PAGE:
New Zealand has become the first Asia-Pacific country to legalize same-sex marriage after lawmakers passed a bill on Wednesday extending civil union rights to gay couples.
The bill amended the country’s 1955 Marriage Act, making it not only the first in Asia-Pacific to legalize same-sex marriage, but the 13th worldwide.
Conservative religious organizations have voiced opposition to the bill, saying it would undermine the traditional family institution.
“This is not about church teachings or philosophy. It never has been,” said Labour Party MP Louisa Wall, who is openly gay and was involved in the promotion of the bill.
“It’s about the state excluding people from the institution of marriage because of their sex, sexual orientation or gender identity.”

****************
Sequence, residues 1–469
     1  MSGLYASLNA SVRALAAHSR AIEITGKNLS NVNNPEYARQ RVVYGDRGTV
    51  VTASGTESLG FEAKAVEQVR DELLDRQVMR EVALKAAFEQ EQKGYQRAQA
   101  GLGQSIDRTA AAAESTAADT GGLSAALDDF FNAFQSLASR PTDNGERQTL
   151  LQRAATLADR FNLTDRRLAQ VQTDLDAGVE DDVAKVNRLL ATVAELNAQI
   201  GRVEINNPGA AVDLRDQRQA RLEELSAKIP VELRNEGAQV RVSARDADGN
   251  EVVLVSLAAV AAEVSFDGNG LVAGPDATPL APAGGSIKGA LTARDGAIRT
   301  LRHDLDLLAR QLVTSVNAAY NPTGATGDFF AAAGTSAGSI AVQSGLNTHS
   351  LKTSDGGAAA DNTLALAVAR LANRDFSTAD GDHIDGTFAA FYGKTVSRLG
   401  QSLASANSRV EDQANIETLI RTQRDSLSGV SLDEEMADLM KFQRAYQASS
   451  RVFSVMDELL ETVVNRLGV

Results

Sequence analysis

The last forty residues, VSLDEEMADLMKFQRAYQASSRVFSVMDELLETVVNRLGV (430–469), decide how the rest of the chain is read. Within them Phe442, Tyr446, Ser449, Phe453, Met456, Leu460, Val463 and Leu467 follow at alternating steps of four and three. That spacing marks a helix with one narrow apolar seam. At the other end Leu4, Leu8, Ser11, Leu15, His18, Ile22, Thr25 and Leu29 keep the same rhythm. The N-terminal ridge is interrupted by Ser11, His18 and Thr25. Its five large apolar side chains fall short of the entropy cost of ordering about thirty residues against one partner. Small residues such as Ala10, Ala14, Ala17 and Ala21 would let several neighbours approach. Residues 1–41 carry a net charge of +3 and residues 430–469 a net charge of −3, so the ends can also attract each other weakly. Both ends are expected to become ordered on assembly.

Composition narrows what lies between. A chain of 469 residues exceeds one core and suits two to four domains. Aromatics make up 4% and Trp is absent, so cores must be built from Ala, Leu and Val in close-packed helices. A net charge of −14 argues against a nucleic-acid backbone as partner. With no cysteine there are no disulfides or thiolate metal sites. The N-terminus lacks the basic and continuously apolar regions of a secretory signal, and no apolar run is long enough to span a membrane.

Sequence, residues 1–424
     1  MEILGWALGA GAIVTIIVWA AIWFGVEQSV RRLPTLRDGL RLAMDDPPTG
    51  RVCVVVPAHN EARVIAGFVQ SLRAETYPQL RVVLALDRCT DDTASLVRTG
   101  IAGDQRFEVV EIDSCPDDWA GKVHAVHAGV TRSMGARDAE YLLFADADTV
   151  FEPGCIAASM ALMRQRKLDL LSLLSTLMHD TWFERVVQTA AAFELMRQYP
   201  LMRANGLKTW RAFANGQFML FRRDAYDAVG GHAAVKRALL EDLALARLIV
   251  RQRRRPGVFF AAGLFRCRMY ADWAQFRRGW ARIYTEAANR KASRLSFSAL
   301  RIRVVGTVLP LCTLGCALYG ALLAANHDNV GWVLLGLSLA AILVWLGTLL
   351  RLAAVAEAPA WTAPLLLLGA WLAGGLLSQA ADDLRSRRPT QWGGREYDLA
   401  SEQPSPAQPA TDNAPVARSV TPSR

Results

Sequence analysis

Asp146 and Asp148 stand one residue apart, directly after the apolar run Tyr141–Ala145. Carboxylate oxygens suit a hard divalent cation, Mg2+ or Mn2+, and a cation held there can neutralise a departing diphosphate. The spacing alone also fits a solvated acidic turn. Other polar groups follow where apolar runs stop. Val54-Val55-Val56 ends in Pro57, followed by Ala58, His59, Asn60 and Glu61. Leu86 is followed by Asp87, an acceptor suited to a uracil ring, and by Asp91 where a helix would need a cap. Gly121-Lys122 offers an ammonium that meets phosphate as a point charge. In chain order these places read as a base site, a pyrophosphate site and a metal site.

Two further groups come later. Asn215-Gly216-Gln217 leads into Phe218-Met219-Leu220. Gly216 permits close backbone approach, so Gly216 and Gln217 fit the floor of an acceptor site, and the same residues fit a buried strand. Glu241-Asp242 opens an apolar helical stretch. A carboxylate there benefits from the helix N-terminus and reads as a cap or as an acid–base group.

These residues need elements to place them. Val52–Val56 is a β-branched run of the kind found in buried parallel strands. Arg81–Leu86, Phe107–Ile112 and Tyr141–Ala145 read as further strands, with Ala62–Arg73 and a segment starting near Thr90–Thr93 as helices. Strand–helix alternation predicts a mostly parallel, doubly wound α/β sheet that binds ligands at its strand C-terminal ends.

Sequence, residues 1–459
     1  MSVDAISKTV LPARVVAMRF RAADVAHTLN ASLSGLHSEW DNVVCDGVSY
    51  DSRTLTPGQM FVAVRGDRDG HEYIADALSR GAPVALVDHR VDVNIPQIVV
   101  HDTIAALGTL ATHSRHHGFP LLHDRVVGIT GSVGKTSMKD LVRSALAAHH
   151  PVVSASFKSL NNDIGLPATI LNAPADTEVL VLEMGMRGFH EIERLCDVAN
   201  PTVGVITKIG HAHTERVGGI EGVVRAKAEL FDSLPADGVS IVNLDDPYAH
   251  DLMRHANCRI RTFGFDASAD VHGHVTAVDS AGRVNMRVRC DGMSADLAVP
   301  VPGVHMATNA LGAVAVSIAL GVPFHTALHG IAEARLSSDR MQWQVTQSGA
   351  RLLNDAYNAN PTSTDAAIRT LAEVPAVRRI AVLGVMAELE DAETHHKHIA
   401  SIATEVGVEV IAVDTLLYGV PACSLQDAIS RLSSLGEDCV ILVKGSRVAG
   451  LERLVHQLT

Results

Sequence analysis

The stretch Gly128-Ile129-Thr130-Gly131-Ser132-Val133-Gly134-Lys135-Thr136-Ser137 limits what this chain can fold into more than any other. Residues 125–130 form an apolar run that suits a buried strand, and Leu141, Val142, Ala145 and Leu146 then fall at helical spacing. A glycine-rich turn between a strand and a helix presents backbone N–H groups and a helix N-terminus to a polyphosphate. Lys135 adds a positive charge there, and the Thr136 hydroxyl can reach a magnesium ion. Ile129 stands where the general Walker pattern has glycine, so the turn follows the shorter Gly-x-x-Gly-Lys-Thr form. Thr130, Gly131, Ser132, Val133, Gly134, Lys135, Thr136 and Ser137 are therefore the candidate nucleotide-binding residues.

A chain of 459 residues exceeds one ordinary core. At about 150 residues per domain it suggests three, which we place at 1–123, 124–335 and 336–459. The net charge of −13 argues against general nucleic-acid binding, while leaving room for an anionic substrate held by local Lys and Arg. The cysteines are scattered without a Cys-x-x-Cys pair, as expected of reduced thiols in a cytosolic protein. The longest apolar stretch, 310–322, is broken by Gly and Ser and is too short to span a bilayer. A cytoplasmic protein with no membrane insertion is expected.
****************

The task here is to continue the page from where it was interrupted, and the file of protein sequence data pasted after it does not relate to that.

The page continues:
Lawmakers had been encouraged by party leaders to vote with their consciences, rather than toeing a party line. People watching from the packed public gallery burst into song when the bill passed, singing a New Zealand anthem in the native Maori language.
Parliament’s public gallery was so booked out for the vote, that a big screen had to be erected in an overflow room near the debating chamber, according to AFP reports.
Despite the controversy, many of New Zealand’s 4.4 million residents are planning to take to the streets in celebration. Opinion polls in the lead up to the vote suggested that some 70 per cent of New Zelanders were in favor of gay marriage.
In the capital, Wellington, parties are expected to be held on ‘Cuba Street’, and various gay venues as the reading of Wednesday’s vote is screened.
Homosexual civil partnerships, or de facto relationships, were recognized in the country in 2005. However, MPs voted 77-44 in favor of actual marriage.
Legalized gay marriage is likely to come into effect in New Zealand in August.